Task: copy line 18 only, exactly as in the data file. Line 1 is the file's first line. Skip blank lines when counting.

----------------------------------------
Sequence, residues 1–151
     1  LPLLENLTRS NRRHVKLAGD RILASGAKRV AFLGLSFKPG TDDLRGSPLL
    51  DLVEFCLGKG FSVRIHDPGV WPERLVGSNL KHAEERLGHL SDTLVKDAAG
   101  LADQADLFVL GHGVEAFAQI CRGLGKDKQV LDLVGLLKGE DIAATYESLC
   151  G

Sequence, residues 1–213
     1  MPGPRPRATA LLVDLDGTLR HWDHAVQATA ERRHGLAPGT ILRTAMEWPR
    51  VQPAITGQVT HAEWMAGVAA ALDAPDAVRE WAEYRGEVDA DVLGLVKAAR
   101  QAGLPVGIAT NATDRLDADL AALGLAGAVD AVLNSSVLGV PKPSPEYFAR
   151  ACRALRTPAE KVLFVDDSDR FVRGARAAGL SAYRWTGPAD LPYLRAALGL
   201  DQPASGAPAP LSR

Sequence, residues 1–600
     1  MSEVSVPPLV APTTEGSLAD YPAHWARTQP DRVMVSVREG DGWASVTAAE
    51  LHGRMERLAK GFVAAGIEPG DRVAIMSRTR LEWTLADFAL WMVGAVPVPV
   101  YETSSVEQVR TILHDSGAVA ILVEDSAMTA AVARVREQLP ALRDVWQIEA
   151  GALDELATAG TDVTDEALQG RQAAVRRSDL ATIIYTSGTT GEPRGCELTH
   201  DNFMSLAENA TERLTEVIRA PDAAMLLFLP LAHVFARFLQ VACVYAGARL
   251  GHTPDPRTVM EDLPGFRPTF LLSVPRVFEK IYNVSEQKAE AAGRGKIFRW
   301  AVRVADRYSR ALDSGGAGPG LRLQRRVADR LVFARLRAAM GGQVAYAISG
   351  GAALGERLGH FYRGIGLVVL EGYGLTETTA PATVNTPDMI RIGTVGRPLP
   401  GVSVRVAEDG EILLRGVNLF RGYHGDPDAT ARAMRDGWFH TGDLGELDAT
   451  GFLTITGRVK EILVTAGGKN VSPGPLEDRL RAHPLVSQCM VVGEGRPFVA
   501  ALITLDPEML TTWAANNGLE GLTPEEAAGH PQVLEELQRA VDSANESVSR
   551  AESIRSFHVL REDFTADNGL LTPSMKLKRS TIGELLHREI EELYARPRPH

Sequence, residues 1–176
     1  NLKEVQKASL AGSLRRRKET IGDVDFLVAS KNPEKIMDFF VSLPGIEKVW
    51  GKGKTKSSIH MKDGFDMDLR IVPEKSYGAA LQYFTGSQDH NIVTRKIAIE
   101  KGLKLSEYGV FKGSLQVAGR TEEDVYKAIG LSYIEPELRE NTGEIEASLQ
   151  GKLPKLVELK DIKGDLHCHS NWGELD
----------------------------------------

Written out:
   251  GHTPDPRTVM EDLPGFRPTF LLSVPRVFEK IYNVSEQKAE AAGRGKIFRW